Learning to present work efficiently is something designers have to learn to survive in the industry, yet the hardest part about presentations is how to get and how to process feedback? Most designers, especially those coming freshly baked out of hot overcrowded ovens that are design colleges, are awkward when it comes to managing feedback. Gathering and Managing feedback is as crucial as that sexy sketch, because if it doesn’t satisfy the clients’ needs then it isn’t worth a second look .Designers have to make the client understand how to give the right feedback at the right time and in the right language. Explaining the importance of feedback early on, design consultancies must keep a tight and neat feedback cycle and document it well. Also important is understanding the invisible stakeholders, hidden decision makers, early on as they can pop up during the end of the projects and give retroactive feedback. Flushing them out early and involving them from the start will help prevent setbacks later on, keeping the review circle small but made of the right people. To get objective feedback, designers must give objective presentations, keeping personal feelings aside. Feedback guidelines help the clients in clarifying what feedback topics to focus on and avoiding prescriptive feedback while allowing the designers to get the feedback in writing and organizing them into actionable and non-actionable inputs. They also save a lot of time.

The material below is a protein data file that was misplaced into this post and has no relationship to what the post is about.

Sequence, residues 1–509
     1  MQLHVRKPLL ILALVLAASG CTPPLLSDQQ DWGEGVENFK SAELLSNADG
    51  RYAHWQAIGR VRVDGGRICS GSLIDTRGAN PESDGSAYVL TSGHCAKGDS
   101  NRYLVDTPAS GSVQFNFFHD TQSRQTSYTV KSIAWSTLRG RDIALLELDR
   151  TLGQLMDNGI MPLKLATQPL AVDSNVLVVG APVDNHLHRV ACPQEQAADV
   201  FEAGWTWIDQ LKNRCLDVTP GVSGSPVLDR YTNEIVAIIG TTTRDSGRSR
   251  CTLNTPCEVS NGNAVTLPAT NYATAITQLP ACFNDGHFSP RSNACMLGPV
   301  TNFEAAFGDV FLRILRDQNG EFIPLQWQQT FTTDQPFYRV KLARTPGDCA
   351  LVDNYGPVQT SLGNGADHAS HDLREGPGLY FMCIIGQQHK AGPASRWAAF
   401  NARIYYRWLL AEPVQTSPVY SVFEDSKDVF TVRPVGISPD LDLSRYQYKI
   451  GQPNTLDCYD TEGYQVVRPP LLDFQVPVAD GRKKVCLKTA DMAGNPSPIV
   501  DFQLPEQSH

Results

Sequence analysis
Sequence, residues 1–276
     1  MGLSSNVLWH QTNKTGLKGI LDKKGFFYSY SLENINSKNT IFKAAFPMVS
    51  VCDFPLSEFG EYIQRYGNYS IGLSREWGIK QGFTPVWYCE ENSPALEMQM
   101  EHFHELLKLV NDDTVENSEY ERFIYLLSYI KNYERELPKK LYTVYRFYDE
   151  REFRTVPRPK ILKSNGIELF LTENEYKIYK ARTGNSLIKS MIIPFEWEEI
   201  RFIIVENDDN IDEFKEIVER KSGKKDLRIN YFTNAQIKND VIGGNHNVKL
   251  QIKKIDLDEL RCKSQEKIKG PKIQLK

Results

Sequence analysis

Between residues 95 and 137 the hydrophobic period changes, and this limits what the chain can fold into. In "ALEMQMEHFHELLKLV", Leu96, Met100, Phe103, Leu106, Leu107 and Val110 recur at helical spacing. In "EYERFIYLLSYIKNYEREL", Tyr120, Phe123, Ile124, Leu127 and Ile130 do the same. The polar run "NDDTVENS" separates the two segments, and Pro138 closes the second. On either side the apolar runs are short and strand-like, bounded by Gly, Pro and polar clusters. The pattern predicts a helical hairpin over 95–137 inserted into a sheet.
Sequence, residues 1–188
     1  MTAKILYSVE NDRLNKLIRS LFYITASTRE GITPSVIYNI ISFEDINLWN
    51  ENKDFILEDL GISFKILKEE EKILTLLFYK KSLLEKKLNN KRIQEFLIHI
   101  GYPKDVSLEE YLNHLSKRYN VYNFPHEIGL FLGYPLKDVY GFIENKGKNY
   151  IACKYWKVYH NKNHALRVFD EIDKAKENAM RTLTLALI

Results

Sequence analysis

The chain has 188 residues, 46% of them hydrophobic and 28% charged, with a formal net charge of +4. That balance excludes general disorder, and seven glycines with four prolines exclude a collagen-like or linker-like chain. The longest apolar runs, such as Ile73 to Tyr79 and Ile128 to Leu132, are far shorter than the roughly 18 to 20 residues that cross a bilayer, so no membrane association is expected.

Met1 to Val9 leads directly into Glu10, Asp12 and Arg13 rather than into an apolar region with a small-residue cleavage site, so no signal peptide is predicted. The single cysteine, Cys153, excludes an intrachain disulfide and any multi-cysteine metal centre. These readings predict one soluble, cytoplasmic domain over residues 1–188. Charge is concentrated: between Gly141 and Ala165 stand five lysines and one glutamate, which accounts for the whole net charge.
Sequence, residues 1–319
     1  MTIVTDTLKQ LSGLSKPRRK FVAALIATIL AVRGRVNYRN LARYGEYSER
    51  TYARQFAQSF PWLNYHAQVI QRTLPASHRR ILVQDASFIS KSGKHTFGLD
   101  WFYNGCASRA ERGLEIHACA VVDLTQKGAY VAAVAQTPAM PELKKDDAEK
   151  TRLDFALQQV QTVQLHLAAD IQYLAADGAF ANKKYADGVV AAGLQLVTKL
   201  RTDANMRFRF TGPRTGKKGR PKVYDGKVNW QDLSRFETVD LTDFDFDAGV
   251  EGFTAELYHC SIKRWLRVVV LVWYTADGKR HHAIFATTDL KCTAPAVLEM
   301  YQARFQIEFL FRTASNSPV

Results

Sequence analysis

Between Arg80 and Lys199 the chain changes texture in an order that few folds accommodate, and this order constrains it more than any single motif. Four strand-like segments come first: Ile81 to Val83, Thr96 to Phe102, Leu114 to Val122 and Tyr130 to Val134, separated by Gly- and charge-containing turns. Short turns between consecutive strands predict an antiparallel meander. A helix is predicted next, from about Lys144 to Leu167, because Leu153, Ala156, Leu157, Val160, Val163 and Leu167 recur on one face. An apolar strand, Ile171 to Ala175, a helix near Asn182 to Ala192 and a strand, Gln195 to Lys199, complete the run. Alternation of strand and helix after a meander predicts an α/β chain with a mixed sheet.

Designers should be careful while disagreeing with feedback; this should be done either in person or over call, never via mails or texts. Rationally explaining disagreements, documenting all decisions and warranting acknowledgement will help both parties in working efficiently towards the common goal, a successful project. It is the designer’s duty to make sure at all times that the client is aware of what is happening, what is required from their side and have positive confidence in the designer’s ability. All these things factor into the success of the project, keeping both the design firm and the client happy. They also help when it comes to paying time.